Bostrom has provided policy advice and consulted for an extensive range of governments and organisations. He gave evidence to the House of Lords, Select Committee on Digital Skills.[58] He is an advisory board member for the Machine Intelligence Research Institute,[59] Future of Life Institute,[60] Foundational Questions Institute[61] and an external advisor for the Cambridge Centre for the Study of Existential Risk.[62][63]

In response to Bostrom’s writing on artificial intelligence, Oren Etzioni wrote in an MIT Review article, “..predictions that superintelligence is on the foreseeable horizon are not supported by the available data.”[64]

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Nick Bostrom – Wikipedia

Chill: Robots Wont Take All Our Jobs | WIRED

None of this is to say that automation and AI arent having an important impact on the economy. But that impact is far more nuanced and limited than the doomsday forecasts suggest. A rigorous study of the impact of robots in manufacturing, agriculture, and utilities across 17 countries, for instance, found that robots did reduce the hours of lower-skilled workersbut they didnt decrease the total hours worked by humans, and they actually boosted wages. In other words, automation may affect the kind of work humans do, but at the moment, its hard to see that its leading to a world without work. McAfee, in fact, says of his earlier public statements, If I had to do it over again, I would put more emphasis on the way technology leads to structural changes in the economy, and less on jobs, jobs, jobs. The central phenomenon is not net job loss. Its the shift in the kinds of jobs that are available.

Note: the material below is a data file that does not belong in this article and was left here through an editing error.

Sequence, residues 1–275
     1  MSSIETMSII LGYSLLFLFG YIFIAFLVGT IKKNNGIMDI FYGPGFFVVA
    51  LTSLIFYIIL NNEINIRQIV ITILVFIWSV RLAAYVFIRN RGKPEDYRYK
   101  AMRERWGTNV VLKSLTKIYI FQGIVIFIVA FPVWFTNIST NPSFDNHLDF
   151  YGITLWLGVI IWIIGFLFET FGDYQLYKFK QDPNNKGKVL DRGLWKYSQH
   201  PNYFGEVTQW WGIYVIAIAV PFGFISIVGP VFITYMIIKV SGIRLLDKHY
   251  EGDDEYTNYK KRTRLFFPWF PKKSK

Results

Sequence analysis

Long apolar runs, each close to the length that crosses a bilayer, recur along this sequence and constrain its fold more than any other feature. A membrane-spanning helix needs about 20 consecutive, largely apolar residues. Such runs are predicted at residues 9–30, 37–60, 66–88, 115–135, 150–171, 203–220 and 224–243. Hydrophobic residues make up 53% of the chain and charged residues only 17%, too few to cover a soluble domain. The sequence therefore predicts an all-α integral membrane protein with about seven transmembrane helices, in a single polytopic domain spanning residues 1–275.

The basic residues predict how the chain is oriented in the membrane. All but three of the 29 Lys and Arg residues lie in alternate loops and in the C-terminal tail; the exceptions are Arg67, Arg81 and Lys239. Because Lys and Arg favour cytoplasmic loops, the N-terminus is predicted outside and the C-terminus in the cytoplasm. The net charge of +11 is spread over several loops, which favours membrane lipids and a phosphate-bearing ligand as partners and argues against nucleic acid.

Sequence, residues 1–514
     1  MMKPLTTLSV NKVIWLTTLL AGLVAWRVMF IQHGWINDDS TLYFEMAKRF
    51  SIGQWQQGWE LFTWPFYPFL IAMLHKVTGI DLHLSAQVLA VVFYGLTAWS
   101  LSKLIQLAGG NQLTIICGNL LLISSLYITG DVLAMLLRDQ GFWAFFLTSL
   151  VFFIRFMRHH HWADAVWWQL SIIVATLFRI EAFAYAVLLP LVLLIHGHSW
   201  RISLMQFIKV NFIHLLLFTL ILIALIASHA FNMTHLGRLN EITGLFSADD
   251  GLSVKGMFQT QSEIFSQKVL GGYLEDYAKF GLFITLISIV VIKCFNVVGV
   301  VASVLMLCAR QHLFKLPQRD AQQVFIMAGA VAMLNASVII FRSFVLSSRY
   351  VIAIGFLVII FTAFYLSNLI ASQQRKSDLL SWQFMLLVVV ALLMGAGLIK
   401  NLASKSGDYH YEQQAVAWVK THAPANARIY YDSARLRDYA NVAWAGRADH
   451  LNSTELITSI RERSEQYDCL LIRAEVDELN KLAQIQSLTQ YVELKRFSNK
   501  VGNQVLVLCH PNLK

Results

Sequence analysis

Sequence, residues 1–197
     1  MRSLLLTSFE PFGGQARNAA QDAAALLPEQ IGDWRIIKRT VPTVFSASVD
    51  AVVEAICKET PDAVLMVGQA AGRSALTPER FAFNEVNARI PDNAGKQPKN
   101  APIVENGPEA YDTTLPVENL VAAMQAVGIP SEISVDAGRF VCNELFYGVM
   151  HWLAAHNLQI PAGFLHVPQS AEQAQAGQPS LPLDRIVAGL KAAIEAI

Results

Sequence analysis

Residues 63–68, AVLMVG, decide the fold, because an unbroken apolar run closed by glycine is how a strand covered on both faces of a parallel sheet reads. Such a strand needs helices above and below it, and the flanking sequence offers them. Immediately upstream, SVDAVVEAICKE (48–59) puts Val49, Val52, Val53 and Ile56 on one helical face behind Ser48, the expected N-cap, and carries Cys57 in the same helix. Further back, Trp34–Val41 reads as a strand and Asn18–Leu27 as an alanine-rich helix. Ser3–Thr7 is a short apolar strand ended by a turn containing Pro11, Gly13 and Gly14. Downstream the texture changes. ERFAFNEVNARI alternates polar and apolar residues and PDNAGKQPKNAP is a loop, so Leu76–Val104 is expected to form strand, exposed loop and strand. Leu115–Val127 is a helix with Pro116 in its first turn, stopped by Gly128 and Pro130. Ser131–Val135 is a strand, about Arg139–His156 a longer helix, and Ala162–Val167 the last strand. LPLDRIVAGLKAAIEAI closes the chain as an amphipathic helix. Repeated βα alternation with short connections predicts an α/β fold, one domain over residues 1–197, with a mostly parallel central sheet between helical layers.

McAfee points to both retail and transportation as areas where automation is likely to have a major impact. Yet even in those industries, the job-loss numbers are less scary than many headlines suggest. Goldman Sachs just released a report predicting that autonomous cars could ultimately eat away 300,000 driving jobs a year. But that wont happen, the firm argues, for another 25 years, which is more than enough time for the economy to adapt. A recent study by the Organization for Economic Cooperation and Development, meanwhile, predicts that 9 percent of jobs across 21 different countries are under serious threat from automation. Thats a significant number, but not an apocalyptic one.

Of the 271 occupations listed on the 1950 census only oneelevator operatorhad been rendered obsolete by automation by 2010.

Granted, there are much scarier forecasts out there, like that University of Oxford study. But on closer examination, those predictions tend to assume that if a job can be automated, it will be fully automated soonwhich overestimates both the pace and the completeness of how automation actually gets adopted in the wild. History suggests that the process is much more uneven than that. The ATM, for example, is a textbook example of a machine that was designed to replace human labor. First introduced around 1970, ATMs hit widespread adoption in the late 1990s. Today, there are more than 400,000 ATMs in the US. But, as economist James Bessen has shown, the number of bank tellers actually rose between 2000 and 2010. Thats because even though the average number of tellers per branch fell, ATMs made it cheaper to open branches, so banks opened more of them. True, the Department of Labor does now predict that the number of tellers will decline by 8 percent over the next decade. But thats 8 percentnot 50 percent. And its 45 years after the robot that was supposed to replace them made its debut. (Taking a wider view, Bessen found that of the 271 occupations listed on the 1950 census only oneelevator operatorhad been rendered obsolete by automation by 2010.)